Shabbat – A Special Moment in Time

Shabbat is a special time for me because it is about light, taste and touch. Light from the Shabbat candles, taste from the special foods that you prepare for your family and touch is the laying your hands on each other when you bless one another and your children.

I grew up in a small town in Alabama and there were hardly any single Jewish men for me to go out with. I never dated Jewish men until I was in my late twenties and early thirties. And then, I moved to Israel and met my husband. The first time we celebrated Shabbat together tears welled up in my eyes because I realized that this is what I was always looking for, someone to spend Shabbat with me who understands the emotions behind this special moment in time.

My husband and I take turns preparing Shabbat dinner. We both like to experiment with different herbs, spices, fruits and sauces.

Last Friday, my husband made roasted chicken and stuffed it with oranges and sprinkled orange juice, grated orange rind, rosemary, thyme and garlic on the chicken. He then placed carrots, sweet potato slices and quartered white potatoes around the chicken and roasted it the oven.

Sometimes I stuff the chicken with rice, couscous or bulgar and add dried cherries or apricots or figs, orange quarters, fresh ginger and lemons or put pomegranate molasses on the chicken. It just depends on my mood.

I make the challah that my father taught me how to bake. He is an excellent cook and I owe most of my cooking skills to him. This is not a quick and dirty recipe, but it makes the most delicious, rich challah. It is a great bread to use for French toast.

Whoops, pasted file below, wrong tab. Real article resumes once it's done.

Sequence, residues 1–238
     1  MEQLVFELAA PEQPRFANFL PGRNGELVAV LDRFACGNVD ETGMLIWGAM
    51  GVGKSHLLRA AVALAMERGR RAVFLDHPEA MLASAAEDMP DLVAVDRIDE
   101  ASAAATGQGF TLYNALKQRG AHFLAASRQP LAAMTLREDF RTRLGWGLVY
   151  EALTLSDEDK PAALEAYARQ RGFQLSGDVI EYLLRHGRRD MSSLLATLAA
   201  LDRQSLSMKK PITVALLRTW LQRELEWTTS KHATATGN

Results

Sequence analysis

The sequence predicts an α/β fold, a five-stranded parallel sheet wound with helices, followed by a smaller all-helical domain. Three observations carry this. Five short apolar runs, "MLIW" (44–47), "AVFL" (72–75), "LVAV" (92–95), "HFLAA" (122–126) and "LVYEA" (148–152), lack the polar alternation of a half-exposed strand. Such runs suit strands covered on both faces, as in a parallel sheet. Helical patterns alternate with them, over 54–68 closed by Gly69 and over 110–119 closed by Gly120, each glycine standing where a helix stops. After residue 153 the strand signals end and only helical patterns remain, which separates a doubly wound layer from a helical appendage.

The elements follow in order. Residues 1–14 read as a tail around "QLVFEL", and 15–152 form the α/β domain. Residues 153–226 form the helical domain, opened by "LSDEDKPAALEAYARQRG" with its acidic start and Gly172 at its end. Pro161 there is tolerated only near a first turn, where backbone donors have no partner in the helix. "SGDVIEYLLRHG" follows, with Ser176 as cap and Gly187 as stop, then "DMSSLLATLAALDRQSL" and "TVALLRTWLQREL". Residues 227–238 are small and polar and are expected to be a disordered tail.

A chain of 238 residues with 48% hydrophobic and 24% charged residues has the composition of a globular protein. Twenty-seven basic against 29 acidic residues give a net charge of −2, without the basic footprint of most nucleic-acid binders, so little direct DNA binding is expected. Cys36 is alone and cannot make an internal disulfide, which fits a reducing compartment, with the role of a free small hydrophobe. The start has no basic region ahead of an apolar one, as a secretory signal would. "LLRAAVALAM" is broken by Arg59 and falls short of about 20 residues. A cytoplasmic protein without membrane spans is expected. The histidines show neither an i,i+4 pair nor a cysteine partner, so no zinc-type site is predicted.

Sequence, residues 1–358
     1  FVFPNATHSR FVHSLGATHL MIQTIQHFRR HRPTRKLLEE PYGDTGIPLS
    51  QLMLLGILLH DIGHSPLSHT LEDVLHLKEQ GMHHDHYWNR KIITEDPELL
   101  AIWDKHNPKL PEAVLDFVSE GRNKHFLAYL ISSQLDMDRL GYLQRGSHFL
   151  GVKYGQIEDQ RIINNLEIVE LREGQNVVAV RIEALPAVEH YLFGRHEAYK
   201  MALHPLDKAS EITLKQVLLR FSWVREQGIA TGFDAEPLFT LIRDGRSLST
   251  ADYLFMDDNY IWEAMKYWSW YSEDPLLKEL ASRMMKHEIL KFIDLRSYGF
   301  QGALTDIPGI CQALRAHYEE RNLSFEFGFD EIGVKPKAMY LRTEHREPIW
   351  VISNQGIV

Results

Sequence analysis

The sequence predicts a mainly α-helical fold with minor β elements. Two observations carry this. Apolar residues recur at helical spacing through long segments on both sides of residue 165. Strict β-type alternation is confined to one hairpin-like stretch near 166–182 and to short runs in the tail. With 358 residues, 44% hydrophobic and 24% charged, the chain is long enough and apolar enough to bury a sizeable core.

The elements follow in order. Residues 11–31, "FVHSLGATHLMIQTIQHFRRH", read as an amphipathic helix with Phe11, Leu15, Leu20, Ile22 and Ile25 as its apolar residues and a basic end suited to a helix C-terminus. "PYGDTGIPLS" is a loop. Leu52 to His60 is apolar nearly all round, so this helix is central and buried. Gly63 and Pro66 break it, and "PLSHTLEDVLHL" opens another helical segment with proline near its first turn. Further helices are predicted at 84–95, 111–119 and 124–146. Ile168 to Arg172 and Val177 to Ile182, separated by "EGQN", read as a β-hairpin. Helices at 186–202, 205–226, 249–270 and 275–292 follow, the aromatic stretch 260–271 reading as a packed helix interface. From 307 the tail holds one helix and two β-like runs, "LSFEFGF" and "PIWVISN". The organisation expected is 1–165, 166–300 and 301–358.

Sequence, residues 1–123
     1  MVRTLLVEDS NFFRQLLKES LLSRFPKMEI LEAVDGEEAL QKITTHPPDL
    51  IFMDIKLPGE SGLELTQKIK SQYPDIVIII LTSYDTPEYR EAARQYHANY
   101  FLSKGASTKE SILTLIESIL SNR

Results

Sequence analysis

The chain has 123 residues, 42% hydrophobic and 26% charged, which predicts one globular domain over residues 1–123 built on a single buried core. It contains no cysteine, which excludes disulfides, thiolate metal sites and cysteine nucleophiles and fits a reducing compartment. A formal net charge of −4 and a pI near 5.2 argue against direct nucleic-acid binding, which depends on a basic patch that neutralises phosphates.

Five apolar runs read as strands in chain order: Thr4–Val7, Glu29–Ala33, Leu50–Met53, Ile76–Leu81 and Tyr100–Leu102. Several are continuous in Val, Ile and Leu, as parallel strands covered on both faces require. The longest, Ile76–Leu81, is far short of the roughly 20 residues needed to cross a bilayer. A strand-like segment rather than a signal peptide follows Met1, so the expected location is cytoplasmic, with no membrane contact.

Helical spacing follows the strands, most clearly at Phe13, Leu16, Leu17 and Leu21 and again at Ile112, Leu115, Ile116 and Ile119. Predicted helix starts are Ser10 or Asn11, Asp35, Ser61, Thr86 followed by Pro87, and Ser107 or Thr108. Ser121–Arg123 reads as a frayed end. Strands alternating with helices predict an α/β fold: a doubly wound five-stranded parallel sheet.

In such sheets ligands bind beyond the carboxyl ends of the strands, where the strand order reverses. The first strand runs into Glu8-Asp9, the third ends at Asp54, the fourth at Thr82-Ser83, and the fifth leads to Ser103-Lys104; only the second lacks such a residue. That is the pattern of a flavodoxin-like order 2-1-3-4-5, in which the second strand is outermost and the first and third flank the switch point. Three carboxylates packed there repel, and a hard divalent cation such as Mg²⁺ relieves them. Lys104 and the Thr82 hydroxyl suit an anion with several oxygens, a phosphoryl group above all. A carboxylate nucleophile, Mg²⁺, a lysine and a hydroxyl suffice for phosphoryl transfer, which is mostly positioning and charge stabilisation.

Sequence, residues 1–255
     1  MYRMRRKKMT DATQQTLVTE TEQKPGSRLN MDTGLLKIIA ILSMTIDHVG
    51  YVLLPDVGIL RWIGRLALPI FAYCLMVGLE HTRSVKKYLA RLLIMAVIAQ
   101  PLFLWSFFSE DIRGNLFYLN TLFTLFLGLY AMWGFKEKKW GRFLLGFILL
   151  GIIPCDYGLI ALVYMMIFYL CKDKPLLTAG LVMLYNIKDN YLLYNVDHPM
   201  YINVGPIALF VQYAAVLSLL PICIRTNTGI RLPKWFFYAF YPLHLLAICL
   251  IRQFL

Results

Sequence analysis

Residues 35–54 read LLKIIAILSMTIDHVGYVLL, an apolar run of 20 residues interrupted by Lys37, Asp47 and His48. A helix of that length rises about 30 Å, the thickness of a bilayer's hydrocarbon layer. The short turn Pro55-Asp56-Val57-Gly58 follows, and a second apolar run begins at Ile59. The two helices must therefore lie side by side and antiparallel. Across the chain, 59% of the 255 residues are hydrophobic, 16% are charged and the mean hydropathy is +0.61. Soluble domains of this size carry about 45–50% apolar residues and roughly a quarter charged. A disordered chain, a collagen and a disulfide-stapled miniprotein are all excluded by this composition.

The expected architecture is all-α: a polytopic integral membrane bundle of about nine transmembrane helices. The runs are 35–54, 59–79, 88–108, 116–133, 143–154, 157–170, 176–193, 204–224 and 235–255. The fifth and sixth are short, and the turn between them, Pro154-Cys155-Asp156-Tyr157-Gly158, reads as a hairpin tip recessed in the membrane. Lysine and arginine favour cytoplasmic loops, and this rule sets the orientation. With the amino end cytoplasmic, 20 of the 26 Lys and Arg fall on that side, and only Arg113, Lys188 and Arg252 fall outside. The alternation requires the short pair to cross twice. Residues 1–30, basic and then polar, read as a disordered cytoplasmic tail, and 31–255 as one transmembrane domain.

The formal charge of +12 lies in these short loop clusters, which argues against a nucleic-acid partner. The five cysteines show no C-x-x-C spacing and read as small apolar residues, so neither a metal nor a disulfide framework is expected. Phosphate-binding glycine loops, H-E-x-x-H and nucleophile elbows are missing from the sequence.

This recipe is from The First Jewish Catalog: A Do-It-Yourself Kit. This is a cake-like challah. Great for the holidays or anytime.
Servings: 1 wedding size loaf, 2 large loaves, 3 medium loaves or 4 small loaves
  • 2 c lukewarm water
  • 3 pkg or 3 tbsp. dry yeast or 1 cube 50g fresh yeast
  • 8 c or more unbleached flour
  • 1-1/2 c sugar
  • 1-1/2 tsp salt
  • 1/2 lb 224g butter or margarine
  • 4 beaten eggs
  • 1 beaten egg for glaze
  1. Variation: add golden raisins during first kneading. Reduce sugar by 1/2 cup.
  2. Mix water and yeast in a very large bowl. Add 3 c. flour and 1 c. sugar. Stir with a fork and let rise 30 minutes in a warm place.
  3. Meanwhile, put the remaining flour, sugar and salt in another bowl. Add margarine or butter and cut with a knife until mixture resembles coarse meal.
  4. At the end of 30 minutes, add 4 eggs to the yeast mixture and stir well (will decrease in volume).
  5. Add flour/margarine mixture to the yeast mixture and knead in the bowl. If sticky, add up to 2 more cups of flour.
  6. Knead well on floured board until smooth and elastic. Put in oiled bowl and cover with towel. Put in warm place and let rise 2 hours or until doubled.
  7. Punch down. Knead lightly for a minute or two.
  8. Divide into 1 to 4 parts depending on whether you want small, medium, large or wedding size loaves. Divide each part into 3 equal parts, roll into braids and braid, pinching ends. Place on an oiled or silicone-lined baking sheet(s). Cover and let rise in warm place as long as possible (3 - 5 hours).The longer you can let it rise without killing the yeast, the lighter it will be.